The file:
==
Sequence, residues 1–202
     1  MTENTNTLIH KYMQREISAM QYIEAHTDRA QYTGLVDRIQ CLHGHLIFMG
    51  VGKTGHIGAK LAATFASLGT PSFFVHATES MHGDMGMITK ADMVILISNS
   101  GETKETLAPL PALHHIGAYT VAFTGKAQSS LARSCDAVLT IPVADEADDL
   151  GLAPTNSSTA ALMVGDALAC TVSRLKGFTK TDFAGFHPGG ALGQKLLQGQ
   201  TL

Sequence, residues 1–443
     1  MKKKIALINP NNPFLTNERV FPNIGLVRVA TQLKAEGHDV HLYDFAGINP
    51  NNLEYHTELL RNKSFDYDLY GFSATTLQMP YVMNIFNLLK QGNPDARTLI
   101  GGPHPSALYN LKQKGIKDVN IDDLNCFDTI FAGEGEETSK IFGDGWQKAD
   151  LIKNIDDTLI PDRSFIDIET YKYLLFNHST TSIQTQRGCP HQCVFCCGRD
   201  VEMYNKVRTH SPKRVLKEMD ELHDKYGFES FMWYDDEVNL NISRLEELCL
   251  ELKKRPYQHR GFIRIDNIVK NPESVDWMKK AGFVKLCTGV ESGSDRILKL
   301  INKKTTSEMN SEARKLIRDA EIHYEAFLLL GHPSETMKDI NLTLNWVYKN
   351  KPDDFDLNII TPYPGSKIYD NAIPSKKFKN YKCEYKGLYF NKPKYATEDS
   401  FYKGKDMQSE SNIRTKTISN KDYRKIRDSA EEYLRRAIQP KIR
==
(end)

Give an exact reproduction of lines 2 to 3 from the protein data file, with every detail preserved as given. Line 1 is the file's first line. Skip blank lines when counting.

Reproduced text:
     1  MTENTNTLIH KYMQREISAM QYIEAHTDRA QYTGLVDRIQ CLHGHLIFMG
    51  VGKTGHIGAK LAATFASLGT PSFFVHATES MHGDMGMITK ADMVILISNS